Marine MV-22 Osprey Crashed Near El Centro In Southern California (Updated)
The status of the five Marines onboard the MV-22B at the time of the accident remains uncertain.
A U.S. military aircraft of unknown type has crashed today near Glamis, an unincorporated community in southern California's Imperial County. The aircraft may have originated at Naval Air Facility El Centro, or NAFEC, a major naval aviation training hub situated some 35 miles to the southwest, of Glamis, but details about the incident remain limited.
"NAFEC has just received reports of a downed aircraft in the vicinity of Coachella Canal Road and the [California State Route] 78. Installation Federal Fire, and Imperial County Fire Department are responding. We have no additional details at this time," according to a post on the base's official Facebook page. "As facts become verified and available, information will be released on the base’s Facebook page. Please be patient as the installation team works through this emergency."
When reached for comment by KYMA television, an NBC affiliate in Yuma, Arizona, officials at Marine Corps Air Station Yuma said that were aware of the crash, as well, but could provide no other immediate details.
The Imperial County Sheriff's Office has confirmed to local media that a military aircraft has crashed, but has not provided any additional details so far.
There are reports circulating based on police scanner chatter indicating that the aircraft in question may have been a V-22 Osprey tilt-rotor, variants of which the U.S. Navy, Marine Corps, and Air Force all operate. Other reports say there are multiple fatalities as a result of the crash and that the aircraft may have been carrying hazardous, possibly radioactive material at the time. So far, all of these details remain unconfirmed.
We will continue to update the story as more information becomes available.
UPDATE: 5:55 PM EST —
The Commander, Naval Air Forces Public Affairs office has now confirmed to The War Zone that the aircraft that crashed in southern California today belonged to the U.S. Marine Corps, but could provide no further details. We have reached out to 3rd Marine Aircraft Wing for more information.
NAF El Centro has also issued a new statement on Facebook, further confirming that the aircraft in question was from 3rd Marine Aircraft Wing, but the exact type remains unknown. "Contrary to initial reports, there was no nuclear material on board the aircraft. More information will be made available as we receive it," the latest update from NAFEC added.
UPDATE: 9:35 PM EST —
3rd Marine Aircraft Wing has confirmed that the aircraft that crashed today was an MV-22B Osprey assigned to Marine Aircraft Group 39 at Marine Corps Air Station Camp Pendleton in California. The press release also says that the accident occurred at approximately 12:25 PM local time.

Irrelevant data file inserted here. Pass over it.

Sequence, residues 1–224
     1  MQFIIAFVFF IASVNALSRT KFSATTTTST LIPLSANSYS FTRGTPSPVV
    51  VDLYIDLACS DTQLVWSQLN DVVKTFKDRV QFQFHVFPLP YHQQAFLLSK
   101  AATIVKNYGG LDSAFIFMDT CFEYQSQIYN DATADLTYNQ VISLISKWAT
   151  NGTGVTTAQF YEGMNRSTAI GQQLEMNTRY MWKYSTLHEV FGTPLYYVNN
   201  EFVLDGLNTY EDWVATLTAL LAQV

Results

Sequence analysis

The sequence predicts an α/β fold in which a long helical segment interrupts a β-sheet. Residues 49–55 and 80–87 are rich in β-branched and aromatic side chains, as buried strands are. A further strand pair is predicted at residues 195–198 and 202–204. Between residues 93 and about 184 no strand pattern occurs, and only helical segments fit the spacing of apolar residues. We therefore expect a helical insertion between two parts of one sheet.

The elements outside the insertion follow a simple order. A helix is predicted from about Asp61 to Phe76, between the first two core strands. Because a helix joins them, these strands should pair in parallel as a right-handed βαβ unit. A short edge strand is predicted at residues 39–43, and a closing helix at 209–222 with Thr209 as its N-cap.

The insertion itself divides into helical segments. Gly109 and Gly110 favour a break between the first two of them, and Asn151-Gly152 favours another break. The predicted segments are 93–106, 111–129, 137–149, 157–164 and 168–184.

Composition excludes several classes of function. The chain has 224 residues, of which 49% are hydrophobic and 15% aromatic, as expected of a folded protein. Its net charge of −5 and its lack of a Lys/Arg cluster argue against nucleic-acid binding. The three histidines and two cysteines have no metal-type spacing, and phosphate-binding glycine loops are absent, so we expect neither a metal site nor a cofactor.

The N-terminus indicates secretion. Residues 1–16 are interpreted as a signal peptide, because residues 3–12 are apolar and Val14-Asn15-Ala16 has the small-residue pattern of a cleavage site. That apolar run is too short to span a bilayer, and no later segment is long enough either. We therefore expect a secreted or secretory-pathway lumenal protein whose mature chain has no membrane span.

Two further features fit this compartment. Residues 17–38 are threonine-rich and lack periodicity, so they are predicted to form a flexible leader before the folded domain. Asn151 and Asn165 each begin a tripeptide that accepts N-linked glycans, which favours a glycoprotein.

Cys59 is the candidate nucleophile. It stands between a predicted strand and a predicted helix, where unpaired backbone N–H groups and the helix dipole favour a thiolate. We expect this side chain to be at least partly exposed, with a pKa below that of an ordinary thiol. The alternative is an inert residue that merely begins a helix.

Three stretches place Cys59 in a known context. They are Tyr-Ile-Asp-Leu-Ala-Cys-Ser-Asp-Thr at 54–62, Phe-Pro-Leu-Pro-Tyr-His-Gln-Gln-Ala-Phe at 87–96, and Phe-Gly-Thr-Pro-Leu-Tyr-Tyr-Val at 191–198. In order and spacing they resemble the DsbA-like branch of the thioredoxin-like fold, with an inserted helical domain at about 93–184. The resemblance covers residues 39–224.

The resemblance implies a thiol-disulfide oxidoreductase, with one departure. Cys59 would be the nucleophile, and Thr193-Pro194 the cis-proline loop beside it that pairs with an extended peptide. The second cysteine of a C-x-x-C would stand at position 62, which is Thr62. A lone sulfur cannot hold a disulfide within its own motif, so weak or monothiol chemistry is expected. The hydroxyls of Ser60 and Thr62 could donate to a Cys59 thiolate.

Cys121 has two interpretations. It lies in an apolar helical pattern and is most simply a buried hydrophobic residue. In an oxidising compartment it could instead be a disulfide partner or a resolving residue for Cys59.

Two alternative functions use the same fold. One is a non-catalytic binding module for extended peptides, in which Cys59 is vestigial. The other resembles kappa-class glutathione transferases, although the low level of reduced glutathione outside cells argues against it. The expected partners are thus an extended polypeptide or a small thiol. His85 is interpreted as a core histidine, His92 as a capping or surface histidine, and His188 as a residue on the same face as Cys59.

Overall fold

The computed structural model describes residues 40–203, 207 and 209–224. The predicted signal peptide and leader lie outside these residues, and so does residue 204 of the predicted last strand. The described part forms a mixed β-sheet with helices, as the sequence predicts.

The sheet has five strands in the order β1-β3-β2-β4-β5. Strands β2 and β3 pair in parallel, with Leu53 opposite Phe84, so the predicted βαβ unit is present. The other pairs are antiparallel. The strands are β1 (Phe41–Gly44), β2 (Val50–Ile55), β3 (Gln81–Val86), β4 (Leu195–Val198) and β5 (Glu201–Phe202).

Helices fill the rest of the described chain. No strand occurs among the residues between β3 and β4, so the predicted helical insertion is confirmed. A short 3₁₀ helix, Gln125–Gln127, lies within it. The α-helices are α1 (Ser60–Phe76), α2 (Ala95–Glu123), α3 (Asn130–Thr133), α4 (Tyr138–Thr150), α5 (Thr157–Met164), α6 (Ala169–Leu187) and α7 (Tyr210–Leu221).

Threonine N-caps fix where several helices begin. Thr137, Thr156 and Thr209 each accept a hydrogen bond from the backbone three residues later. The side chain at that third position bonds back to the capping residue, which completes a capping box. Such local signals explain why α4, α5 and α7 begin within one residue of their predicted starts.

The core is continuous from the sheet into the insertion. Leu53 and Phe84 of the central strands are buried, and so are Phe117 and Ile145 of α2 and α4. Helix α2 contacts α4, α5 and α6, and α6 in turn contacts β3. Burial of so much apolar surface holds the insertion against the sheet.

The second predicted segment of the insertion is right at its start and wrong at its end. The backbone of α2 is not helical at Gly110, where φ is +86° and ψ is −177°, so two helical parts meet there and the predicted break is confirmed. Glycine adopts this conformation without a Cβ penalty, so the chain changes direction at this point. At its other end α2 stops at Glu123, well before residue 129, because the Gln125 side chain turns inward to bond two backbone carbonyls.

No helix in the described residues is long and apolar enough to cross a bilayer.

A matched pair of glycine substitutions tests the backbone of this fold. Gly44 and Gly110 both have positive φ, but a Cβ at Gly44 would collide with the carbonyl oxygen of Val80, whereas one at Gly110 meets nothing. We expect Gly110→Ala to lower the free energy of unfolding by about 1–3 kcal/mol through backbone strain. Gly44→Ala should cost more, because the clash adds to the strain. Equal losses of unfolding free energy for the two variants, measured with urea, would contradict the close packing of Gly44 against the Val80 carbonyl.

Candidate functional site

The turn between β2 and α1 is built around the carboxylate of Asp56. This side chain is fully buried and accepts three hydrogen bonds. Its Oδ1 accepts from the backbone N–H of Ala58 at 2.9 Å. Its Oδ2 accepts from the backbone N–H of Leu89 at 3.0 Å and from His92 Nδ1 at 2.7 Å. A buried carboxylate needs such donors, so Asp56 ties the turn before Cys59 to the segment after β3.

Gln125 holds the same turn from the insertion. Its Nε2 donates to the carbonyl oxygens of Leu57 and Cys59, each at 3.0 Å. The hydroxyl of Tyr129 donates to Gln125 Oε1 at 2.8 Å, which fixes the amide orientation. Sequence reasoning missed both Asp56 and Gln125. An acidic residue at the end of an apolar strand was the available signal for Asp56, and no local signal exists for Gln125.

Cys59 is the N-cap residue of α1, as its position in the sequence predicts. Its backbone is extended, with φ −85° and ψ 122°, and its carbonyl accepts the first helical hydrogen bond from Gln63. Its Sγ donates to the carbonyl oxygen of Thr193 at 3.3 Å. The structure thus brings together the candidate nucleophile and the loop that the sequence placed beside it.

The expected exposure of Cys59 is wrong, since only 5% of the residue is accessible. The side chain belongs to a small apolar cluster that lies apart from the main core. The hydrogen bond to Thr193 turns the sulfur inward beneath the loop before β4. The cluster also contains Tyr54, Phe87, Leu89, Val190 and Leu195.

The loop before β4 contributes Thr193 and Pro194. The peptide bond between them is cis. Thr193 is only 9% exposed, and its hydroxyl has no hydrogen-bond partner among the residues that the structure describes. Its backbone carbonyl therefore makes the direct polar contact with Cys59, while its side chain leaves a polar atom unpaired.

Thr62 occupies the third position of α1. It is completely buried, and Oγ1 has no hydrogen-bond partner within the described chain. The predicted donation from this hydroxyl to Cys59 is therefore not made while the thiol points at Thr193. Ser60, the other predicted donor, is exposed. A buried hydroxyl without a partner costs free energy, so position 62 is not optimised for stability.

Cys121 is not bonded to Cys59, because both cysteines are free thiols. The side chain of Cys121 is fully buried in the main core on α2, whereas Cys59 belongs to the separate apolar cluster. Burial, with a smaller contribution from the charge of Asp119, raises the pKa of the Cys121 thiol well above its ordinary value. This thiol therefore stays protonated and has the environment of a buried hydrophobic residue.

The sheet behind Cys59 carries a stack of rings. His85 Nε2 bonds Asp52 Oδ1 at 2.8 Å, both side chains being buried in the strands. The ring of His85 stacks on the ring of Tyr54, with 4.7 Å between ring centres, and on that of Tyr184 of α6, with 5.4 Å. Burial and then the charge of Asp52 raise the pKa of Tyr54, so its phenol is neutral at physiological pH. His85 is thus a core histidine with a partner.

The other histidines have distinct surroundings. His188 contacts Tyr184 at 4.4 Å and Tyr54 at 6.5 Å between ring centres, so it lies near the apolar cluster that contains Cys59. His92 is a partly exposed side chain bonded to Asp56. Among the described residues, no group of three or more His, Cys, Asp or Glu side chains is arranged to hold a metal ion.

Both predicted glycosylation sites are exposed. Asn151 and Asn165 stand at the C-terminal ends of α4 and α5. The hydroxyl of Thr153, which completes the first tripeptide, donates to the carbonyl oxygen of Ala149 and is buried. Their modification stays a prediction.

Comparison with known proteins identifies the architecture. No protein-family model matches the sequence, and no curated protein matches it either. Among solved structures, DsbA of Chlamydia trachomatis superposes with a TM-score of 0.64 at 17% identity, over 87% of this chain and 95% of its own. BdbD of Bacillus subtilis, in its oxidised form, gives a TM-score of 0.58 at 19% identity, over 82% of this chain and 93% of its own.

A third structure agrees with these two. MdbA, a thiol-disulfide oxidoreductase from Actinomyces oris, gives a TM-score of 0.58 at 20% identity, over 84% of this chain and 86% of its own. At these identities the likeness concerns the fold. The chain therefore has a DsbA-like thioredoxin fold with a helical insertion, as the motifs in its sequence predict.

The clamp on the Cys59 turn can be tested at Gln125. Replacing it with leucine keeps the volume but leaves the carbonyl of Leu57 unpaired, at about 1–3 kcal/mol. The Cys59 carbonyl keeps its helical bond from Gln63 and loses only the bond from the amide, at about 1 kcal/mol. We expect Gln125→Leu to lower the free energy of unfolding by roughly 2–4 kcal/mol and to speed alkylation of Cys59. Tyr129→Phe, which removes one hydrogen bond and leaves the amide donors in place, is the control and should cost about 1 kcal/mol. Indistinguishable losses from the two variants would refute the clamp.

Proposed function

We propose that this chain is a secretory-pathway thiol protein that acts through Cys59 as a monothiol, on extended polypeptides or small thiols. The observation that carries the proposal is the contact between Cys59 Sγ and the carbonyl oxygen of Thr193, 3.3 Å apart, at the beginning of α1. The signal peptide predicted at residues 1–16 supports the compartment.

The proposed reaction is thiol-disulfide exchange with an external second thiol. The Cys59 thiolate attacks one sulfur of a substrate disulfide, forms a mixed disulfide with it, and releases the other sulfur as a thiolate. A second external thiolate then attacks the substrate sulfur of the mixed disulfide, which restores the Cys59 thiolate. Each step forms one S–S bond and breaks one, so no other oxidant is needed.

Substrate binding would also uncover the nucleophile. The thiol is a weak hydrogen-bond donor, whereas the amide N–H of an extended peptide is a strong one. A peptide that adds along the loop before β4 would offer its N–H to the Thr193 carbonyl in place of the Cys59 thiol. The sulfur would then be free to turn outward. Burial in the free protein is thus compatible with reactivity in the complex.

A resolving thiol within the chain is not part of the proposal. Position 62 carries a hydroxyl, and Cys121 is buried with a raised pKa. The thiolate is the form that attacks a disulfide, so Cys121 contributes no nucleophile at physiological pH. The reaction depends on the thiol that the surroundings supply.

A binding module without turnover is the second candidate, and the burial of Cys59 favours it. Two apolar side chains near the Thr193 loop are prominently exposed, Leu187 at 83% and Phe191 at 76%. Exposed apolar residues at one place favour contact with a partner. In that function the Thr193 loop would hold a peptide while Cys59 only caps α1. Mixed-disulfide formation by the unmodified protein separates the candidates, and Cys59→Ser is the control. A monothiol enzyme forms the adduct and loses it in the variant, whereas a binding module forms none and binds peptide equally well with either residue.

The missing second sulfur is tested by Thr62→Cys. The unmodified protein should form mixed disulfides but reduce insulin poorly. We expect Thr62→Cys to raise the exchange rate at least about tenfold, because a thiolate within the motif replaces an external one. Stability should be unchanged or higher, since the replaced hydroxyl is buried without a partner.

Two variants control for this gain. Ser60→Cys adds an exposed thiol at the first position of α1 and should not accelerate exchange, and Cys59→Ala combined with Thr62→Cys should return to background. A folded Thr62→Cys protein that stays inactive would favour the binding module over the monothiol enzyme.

"Five Marines were onboard the aircraft, and we are awaiting confirmation on the status of all members of the crew," the press release adds. "We ask for the public's patience as we work diligently with first responders and the unit to identify what occurred this afternoon."
UPDATE: 6/9/2022 —
Sadly, 3rd Marine Aircraft Wing has now confirmed that the five Marines onboard the MV-22B Osprey that crashed in southern California yesterday died in the accident.
Today's full statement from the wing is as follows:
Five Marines with Marine Aircraft Group (MAG) 39, 3rd Marine Aircraft Wing (MAW), have been confirmed deceased following an aviation mishap involving an MV-22B Osprey during a training mission near Glamis, CA on the afternoon of June 8, 2022.
Maj. Gen. Bradford J. Gering, commanding general of 3rd MAW issued the following statement, "We mourn the loss of our Marines in this tragic mishap. Our hearts go out to their families and friends as they cope with this tragedy."
As a matter of policy, identities of deceased service members are not released until 24-hours after all next-of-kin notifications have been completed.
Equipment recovery efforts have begun and an investigation is underway.
While military service is inherently dangerous, the loss of life is always difficult. 3rd Marine Aircraft Wing is committed to providing support to the families, friends, and fellow service members of the fallen Marines.
Contact the author: Joe@thedrive.com
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